GTKRawGallery sports a fairly conventional file browser with photos shown as thumbnails and a menu bar with icons on top. You can change the layout and switch between dark and light themes. There’s a sidebar that displays your albums, tags, search results, and lets you browse all folders on your computer in a tree-view fashion.


Organizing photos is made easier by the batch-processing functions: you can tag, rename, and convert multiple photos at once. GTKRawGallery can import tags created with other photo management software with the Synchronize Database tool. When creating your own tags, you can write them directly into an image’s metadata What Is EXIF Data? 3 Ways to Remove Metadata From Photos Most cameras embed hidden information ("metadata") in photographs taken. For privacy's sake, here's how to remove that metadata. Read More thanks to support for EXIF, IPTC, and XMP formats; this ensures they’ll be recognized in other photo managers.


Sometimes you’ll have to rotate or crop an image, and GTKRawGallery has your back. Simply double-click any image to open it in photo editing mode. Here you’ll be able to perform RAW image pre-processing and post-processing, color correction, various enhancements, and apply image effects. All things considered, GTKRawGallery is an excellent lightweight Linux alternative to Aperture Aperture 3.5 Offers the Best Range of Photo and Editing Tools for the Mac Despite being intended for professionals, any Mac user who shoots and edits lots of photos would do well to upgrade to Apple's professional photo editor, Aperture. Read More or to its open source sibling, Darktable Darktable vs. Shotwell: Two Great Photo Editing Applications For Linux Until recently, Linux only had GIMP as an acceptable photo editing tool. That's changed, thanks to a couple new tools that provide impressive features: Darktable and Shotwell. Read More .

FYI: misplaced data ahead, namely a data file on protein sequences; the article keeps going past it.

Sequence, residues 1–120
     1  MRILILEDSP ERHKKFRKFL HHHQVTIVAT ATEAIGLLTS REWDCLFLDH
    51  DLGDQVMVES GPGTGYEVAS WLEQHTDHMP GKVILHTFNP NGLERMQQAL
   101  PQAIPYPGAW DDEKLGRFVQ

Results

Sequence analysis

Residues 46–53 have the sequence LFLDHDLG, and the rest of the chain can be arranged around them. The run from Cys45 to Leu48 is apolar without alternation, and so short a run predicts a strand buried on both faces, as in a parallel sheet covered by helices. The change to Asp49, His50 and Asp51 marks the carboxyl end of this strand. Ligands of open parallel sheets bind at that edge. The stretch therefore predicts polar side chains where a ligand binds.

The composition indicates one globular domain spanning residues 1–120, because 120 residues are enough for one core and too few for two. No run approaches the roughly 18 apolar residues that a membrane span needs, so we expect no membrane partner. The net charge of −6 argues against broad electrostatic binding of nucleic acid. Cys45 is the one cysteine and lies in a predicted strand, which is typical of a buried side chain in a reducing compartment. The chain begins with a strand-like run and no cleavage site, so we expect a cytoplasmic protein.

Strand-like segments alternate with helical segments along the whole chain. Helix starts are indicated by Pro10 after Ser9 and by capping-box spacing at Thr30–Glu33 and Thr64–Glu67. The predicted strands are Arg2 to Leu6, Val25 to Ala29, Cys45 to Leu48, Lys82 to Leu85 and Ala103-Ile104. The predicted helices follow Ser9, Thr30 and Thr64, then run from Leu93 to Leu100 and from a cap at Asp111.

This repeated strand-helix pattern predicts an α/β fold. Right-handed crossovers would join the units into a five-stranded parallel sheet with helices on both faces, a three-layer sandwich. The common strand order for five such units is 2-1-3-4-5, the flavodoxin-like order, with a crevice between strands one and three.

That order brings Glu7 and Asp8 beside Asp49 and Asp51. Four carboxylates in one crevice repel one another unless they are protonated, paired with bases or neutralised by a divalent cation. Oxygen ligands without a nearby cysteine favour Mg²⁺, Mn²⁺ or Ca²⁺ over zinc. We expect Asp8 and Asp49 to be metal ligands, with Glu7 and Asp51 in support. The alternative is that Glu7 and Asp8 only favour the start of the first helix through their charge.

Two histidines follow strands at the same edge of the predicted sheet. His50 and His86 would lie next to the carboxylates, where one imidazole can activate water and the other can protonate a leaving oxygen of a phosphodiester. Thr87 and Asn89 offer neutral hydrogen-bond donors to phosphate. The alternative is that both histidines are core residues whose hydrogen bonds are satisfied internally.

What Makes It So Great?

  • It’s lightweight and doesn’t have many dependencies (the essentials are Python, ImageMagick, exiftool and dcraw), so it will work on any desktop environment
  • You can directly upload photos to Dropbox, Flickr, and Facebook
  • The photo editing mode is separated from the file browser, which means that neither is cluttered with irrelevant buttons and options. You can simultaneously edit a photo in one window and rename a bunch of photos in another.